Civic leaders and law enforcement agents from Sterling Heights, Clinton Township, Warren and Macomb County recently met at Velocity Center in Sterling Heights to kick-off Operation Rx, an initiative aimed at fighting the opioid addiction epidemic.
Across the country and throughout Macomb County, prescription drug abuse has been on the rise. According to a report from the Centers for Disease Control and Prevention, since 2000, the rate of deaths from drug overdose in the United States has increased 137%, including a 200% increase in the rate of overdose deaths involving opioids. While this epidemic is affecting the entire country, Michigan is one of the states with statistically significant increases in the rate of drug overdose deaths from 2013 to 2014.
This epidemic has taken root across all socioeconomic strata. Just as addiction is multi-faceted, the approach to combat it must be as well. One agency alone cannot fight the problem that is gripping countless communities, which is why Operation Rx has been launched.
“Addiction is a problem that affects everyone regardless of race, regardless of economic status, our communities need to come together and find a solution. Our residents expect us to take action and today is the first step for leaders in Macomb County to do something to reverse this terrible trend,” said Sterling Heights Mayor Michael C. Taylor.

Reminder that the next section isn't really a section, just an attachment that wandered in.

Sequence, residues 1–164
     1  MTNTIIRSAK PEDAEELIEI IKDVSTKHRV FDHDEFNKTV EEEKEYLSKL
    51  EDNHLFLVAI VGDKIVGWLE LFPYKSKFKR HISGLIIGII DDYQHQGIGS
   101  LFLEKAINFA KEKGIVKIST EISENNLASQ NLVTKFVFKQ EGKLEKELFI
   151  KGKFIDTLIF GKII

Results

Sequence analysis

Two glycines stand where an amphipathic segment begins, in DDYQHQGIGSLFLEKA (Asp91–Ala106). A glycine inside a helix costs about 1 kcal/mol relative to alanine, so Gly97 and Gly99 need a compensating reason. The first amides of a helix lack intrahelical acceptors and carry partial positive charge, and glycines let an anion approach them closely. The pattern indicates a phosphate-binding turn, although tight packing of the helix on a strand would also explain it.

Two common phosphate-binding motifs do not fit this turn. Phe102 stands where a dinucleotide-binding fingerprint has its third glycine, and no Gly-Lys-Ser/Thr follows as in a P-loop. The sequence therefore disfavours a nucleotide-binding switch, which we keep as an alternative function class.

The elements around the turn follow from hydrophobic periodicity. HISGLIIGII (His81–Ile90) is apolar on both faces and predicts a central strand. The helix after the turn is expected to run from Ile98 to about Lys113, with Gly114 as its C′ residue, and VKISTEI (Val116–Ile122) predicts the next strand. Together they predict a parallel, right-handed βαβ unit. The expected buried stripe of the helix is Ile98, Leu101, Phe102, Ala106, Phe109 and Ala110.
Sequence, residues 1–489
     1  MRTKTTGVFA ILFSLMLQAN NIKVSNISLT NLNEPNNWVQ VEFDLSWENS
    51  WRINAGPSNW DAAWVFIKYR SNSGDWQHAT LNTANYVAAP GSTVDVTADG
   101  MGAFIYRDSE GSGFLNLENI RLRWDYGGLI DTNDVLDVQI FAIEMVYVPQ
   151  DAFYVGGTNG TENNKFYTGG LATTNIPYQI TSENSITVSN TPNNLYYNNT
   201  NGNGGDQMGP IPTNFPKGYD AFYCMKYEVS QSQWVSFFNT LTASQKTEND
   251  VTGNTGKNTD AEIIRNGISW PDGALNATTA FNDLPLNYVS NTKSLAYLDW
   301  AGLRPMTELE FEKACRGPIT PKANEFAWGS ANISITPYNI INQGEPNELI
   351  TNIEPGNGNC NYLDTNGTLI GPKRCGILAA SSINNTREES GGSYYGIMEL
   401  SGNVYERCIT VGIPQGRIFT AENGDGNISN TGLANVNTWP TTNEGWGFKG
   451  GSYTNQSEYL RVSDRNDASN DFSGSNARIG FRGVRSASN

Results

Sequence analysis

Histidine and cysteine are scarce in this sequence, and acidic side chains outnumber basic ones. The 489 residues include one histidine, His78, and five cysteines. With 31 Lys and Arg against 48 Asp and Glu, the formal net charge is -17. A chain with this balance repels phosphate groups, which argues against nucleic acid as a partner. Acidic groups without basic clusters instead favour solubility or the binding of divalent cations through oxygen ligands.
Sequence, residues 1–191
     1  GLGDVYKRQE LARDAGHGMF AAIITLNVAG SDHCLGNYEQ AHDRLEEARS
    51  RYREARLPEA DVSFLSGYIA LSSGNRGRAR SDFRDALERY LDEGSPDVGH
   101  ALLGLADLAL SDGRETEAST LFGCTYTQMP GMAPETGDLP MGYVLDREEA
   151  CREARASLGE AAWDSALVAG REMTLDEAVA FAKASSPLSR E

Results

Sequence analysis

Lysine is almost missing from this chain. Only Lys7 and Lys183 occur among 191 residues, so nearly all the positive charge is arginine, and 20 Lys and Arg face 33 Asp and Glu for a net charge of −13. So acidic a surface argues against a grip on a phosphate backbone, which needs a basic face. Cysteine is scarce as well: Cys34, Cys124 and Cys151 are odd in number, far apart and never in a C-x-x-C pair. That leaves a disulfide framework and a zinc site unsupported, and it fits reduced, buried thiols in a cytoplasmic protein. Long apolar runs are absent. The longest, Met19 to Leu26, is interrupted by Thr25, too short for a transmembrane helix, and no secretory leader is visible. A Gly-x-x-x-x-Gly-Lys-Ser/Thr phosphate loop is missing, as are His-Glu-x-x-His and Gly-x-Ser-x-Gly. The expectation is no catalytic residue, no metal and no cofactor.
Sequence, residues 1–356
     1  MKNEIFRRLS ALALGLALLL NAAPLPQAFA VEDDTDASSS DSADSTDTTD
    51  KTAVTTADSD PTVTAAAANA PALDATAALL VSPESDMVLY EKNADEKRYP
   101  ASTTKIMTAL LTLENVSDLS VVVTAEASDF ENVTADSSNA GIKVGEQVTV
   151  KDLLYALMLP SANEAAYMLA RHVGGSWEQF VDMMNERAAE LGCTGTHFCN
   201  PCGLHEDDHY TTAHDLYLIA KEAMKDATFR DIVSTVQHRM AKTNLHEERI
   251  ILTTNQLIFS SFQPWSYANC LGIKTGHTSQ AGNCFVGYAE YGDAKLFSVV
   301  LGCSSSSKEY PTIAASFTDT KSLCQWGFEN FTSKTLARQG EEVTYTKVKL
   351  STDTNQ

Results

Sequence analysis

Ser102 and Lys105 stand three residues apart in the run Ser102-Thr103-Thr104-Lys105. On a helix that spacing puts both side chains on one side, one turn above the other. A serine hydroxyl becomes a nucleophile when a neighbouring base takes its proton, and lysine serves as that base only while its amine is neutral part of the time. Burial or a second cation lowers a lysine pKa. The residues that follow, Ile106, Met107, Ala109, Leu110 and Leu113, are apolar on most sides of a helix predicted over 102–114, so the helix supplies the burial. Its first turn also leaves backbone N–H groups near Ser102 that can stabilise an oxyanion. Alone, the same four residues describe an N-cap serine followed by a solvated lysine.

Judge Linda Davis has been instrumental in creating Families Against Narcotics (FAN) and Operation Rx, which has unveiled a proactive approach involving health care providers, city leaders, legislators and law enforcement. Today’s kick off shared plans on de-stigmatizing the addiction, expanding access to treatment options, improving detection of the trends of illegal opioid use, providing more training for first responders on naloxone (the antidote to reverse opioid overdose, known by its brand name Narcan) and outfitting police with the antidote. This year, joining other departments across the County, Sterling Heights police officers were trained and equipped to use Narcan.
“Losing one life to this addiction is too many but losing thousands is a travesty and we must do all that is necessary to attack this epidemic,” stated Judge Linda Davis.
“We want to work with our partners across different sectors from businesses to faith-based communities, other municipalities and schools in getting the word out that we need to get people into treatment and that we need to get people educated that this is a problem that can be rectified,” said Director of Macomb County Health Department Bill Ridella.
According to the Michigan Department of Health and Human Services, the number of total opioid poisoning deaths in Macomb County in 1999 was 35, in 2014, the number increased dramatically to 249, the second highest of any county in the state of Michigan.
For more information, please contact the Sterling Heights Community Relations Department at (586) 446-2470.